Jurassic World is as solid a summer blockbuster as you could ask for – it’s smart (but not too smart), flashy (maybe a hair too flashy) and filled with great visual effects that never (quite) overwhelm its basically decent heart.
It has an old-fashioned hero, kids in peril, a heroine who goes from stick in the mud to tuchus-kicker, an amoral scientist, an incredibly mercenary would-be visionary and… DINOSAURS!
Jurassic World has been open for 22 years and things are slowing down, profit-wise. While grosses are up 2%, costs are increasing at a much higher rate. This is a problem for the park’s manager, Claire (Bryce Dallas Howard) and affable owner, Simon Masrani (Irrfan Khan) – though he, at least, still finds the idea of de-extincted dinosaurs to be a source of wonder.
Claire’s sister, Karen (Judy Greer), meanwhile is sending her sons – Zach (Nick Robinson) and Gray (Ty Simpkins) off to visit, with the understanding that Claire will personally be taking care of them. Zach doesn’t think much of the idea but Gray is thrilled.
When they arrive, they find themselves foisted upon an assistant Zara (Katie McGrath) because Claire is having a busy day. They promptly leave Zara behind (kids will be kids!).
Meanwhile, we meet Owen (Chris Pratt), who is training four velociraptors to work as a team with him as their alpha – and Hoskins (Vincent D’Onofrio), who wants to weaponize them.
The there’s Dr. Wu (BD Wong), the bio-wizard who has created the park’s many saurian attractions – and has a very special new one ready to make its grand entrance (every time the park presents a new attraction, attendance and profits skyrocket). The problem is that his latest creation is bigger, smarter and possessed of a number of unexpected qualities that make her a disaster just waiting to happen.
So, stage set, things begin to go horribly wrong. Cue the brothers in a gyroscopic vehicle ignoring authorities ordering all rides to shut down and finding themselves in mortal danger. Cue also, Claire discovering the boys are missing and freaking out. Cue some very intriguing capabilities for the new creation – one Indominus Rex (bigger than T-Rex, smarter than many of the park’s so-called security people (like, say, Hoskins) – and cue Owen stepping up.
Interesting sidebar: Owen and Claire have a history (well, one date that didn’t end well).
Interesting sidebar #2: Masrani (who also briefly provides a bit of comic relief) has been learning to fly a helicopter.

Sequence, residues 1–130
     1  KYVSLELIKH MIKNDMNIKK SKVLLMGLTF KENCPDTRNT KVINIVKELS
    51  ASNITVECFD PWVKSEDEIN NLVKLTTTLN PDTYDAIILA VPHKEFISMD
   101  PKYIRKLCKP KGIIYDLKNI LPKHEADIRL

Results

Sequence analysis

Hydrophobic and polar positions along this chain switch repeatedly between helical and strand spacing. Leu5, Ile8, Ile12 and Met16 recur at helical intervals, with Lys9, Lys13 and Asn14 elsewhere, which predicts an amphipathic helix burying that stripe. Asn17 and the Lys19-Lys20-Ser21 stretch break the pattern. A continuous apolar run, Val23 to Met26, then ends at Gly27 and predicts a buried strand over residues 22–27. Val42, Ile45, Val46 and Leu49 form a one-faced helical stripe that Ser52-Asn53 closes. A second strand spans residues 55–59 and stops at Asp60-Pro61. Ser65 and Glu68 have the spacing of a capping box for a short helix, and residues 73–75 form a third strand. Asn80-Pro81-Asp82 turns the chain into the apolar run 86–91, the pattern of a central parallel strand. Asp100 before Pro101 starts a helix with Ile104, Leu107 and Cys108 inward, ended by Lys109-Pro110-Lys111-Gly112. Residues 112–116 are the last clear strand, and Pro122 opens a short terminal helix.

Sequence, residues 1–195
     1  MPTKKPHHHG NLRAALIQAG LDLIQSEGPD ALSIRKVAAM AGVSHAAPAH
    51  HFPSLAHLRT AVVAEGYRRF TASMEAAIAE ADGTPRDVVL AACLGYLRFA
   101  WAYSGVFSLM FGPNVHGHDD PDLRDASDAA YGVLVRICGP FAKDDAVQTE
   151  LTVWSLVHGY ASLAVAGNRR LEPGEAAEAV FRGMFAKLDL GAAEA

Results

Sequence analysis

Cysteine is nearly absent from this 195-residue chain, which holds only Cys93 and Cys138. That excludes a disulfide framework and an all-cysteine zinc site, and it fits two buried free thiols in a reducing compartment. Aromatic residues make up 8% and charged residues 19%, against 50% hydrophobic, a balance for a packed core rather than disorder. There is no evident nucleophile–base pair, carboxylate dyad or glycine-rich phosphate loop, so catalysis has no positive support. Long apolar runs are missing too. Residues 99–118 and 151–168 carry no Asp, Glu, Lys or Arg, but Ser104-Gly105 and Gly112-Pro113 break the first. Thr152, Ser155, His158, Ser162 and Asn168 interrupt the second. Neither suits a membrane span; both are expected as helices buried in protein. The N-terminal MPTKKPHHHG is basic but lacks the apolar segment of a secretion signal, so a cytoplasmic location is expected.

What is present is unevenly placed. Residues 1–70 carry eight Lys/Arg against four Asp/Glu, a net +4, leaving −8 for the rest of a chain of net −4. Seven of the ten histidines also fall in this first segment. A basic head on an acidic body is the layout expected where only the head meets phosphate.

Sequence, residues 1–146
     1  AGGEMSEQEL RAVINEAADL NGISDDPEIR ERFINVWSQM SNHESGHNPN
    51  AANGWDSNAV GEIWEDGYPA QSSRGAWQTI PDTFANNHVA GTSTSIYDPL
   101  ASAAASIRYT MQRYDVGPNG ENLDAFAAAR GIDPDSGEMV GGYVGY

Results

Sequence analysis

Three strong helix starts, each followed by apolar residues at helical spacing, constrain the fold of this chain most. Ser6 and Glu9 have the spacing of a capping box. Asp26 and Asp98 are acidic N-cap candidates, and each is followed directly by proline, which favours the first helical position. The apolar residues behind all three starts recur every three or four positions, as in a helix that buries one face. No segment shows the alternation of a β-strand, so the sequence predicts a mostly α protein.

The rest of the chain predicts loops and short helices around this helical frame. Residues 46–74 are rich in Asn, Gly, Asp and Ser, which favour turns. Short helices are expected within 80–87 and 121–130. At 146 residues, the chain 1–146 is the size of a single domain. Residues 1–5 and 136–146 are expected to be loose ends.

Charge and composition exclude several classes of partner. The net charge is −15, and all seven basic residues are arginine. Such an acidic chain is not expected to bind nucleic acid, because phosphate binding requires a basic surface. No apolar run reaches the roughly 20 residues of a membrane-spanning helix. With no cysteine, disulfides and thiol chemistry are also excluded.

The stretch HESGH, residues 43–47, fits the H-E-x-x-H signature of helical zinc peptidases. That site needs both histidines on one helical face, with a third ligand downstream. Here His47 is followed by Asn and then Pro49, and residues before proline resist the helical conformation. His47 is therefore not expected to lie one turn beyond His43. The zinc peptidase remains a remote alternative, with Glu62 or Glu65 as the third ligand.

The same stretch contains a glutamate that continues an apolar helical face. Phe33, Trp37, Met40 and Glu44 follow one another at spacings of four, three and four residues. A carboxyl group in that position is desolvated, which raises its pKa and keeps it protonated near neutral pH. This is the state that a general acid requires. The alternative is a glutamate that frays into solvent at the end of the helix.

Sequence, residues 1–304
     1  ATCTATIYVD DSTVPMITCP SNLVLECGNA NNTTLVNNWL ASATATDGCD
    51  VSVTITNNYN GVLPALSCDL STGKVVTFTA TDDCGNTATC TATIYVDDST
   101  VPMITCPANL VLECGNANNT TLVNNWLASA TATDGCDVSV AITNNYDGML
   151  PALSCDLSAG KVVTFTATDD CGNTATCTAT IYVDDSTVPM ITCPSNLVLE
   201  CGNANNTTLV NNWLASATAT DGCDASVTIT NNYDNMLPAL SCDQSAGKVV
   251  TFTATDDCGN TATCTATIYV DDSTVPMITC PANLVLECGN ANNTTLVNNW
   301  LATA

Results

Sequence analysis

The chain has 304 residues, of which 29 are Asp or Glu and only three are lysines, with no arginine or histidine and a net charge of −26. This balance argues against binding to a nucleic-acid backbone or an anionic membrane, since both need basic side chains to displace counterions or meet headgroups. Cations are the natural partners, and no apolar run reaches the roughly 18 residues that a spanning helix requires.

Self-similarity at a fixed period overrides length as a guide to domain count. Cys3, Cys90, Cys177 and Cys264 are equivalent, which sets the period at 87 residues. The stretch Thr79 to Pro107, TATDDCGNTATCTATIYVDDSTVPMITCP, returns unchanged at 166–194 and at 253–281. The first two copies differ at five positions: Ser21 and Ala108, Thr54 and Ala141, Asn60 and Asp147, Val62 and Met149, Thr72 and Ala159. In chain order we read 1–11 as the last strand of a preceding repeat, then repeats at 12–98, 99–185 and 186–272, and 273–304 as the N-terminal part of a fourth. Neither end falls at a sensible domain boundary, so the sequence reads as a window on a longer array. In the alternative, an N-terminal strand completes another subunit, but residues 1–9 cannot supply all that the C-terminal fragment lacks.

Interesting sidebar #3: Indominus Rex has removed her tracker implant (see also: smarter than the park’s security people).
Interesting sidebar #4: Jurassic World treats the second and third Jurassic Park movies as though they never existed, which is a Good Thing.
In some ways, Jurassic World is almost a remake of Jurassic Park. If you’ve seen the first film, you will get a little déja vu at seeing Gray discover the park’s cooler attractions, and seeing various dinosaurs moving freely about.
Fortunately, aside from some fairly obvious references to the first film (and a number of other classics – including King Kong and ET), Jurassic World has a little fun with theme parks – the dinosaur petting zoo and rides; the incredibly tacky vendors on the main concourse – and is more playful with the characters (Claire’s evolution from ramrod management to butt kicking heroine is a fun arc, for example – especially since she saves Owen’s life at least as many times as he saves hers).
Still, you can tell who’s going to be Rex Treats pretty much from their first moments onscreen, but director Colin Treverrow (Safety Not Guaranteed) – who also co-wrote the shooting script – finds ways to bring bits of the unexpected quirkiness that made his first film so good.
Aside from the dinosaurs, though, it’s the characters that keep us interested because the casting is so good that the actors bring considerably more to the screen than was on the page (another way in which Jurassic World resembles the original).
It’s a measure of Jurassic World’s strengths that it never feels like a two-hour movie – it fairly rockets by, even though it doesn’t seem that frantically paced while you’re watching it. So climb into a giant gyroscope and hang on – it’s quite the ride.
Final Grade: A-
Photos courtesy of Universal Studios and Amblin Entertainment